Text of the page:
The Endgame Review

The “cat and mouse game” narrative is a potent one. When done right, the story sends the audience on a ride that keeps us hanging on to the very end.

The new NBC series, The Endgame premiered last night. Criminal mastermind Elena Federova (Morena Baccarin) has just been caught by the US government. While Elena is in custody, a series of bank heists happen simultaneously across New York City. The only one who can stop her is FBI agent Val Fitzgerald (Ryan Michelle Bathe). Val is both dedicated to her job and not willing to cut corners in order to close cases.

I like the premise and I like the fact that both the protagonist and antagonist are female. Each is formidable in her own right.

I can’t say that based on the pilot, I am head over heels in love with this series. There is a lot of potential for a long-running program, but I don’t know if it will be realized. I will probably watch upcoming episodes, but only time will tell if I continue with the full season.

Do I recommend it? Maybe.

The Endgame airs on NBC on Monday night at 10PM.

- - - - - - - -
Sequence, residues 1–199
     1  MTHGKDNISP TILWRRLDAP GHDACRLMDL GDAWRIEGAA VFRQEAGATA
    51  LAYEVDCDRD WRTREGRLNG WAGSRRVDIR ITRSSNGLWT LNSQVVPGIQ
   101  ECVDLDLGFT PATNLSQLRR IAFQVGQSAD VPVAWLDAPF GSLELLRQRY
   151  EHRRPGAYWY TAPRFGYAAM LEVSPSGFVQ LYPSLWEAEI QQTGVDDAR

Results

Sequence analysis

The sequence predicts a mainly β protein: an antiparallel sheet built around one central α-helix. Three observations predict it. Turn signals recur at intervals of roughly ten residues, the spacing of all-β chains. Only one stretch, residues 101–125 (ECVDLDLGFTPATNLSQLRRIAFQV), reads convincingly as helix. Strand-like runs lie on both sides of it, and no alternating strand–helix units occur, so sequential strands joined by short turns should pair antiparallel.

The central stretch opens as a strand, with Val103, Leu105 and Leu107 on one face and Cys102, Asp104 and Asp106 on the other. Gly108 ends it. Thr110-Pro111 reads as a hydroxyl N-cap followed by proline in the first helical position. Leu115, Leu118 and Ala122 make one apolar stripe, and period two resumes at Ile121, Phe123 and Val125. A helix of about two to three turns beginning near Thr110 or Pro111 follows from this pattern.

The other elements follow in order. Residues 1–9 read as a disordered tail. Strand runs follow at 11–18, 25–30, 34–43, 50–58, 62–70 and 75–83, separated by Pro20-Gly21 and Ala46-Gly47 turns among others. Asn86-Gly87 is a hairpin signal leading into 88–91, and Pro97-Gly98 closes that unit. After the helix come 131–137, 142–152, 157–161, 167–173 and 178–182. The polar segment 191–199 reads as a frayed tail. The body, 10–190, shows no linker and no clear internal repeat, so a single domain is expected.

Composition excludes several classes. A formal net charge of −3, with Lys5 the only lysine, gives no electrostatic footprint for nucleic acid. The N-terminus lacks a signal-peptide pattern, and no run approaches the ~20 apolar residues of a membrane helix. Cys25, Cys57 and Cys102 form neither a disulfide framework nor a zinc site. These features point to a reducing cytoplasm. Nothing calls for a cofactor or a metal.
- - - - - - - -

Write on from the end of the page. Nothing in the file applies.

Both/And: A Life in Many World Book Review

It’s easy to think that we know someone famous based on the headlines and the soundbites coming from the press. The reality is that we don’t know them at all.

Huma Abedin‘s memoir, Both/And: A Life in Many Worlds, was published last November. Born to Muslim Pakistani and Indian immigrants in Michigan, she spent her formative years in Saudi Arabia. Taking a job with the Clinton administration in the late 1990s, she has worked for Hillary Clinton for more than two decades. She is also known for her troubled marriage to Anthony Weiner, a politician whose fall from grace can only be described as brutal.

The reader is taken on a journey across the world and across the spectrum of local, national, and international politics over the last few decades. Abedin’s tale is that a woman who has broken boundaries, redefines what it is to be American, and that of a survivor who has thrived in spite of the dark times in her life.

This book is so good. Abedin leaves nothing off the table, telling her story in an emotionally honest and open manner. Her narrative is nothing short of inspirational.

The part of the book that was the most challenging for me as a reader was the scandal that broke up her marriage and opened the door to he who shall not be named. It is akin to a rollercoaster that had no off switch. Given what was being thrown at her, she could have easily taken to her bed and soothed her grief with food or alcohol. Instead, she took it one day at a time and got through it with her head held high and her courage intact.

Do I recommend it? Absolutely.

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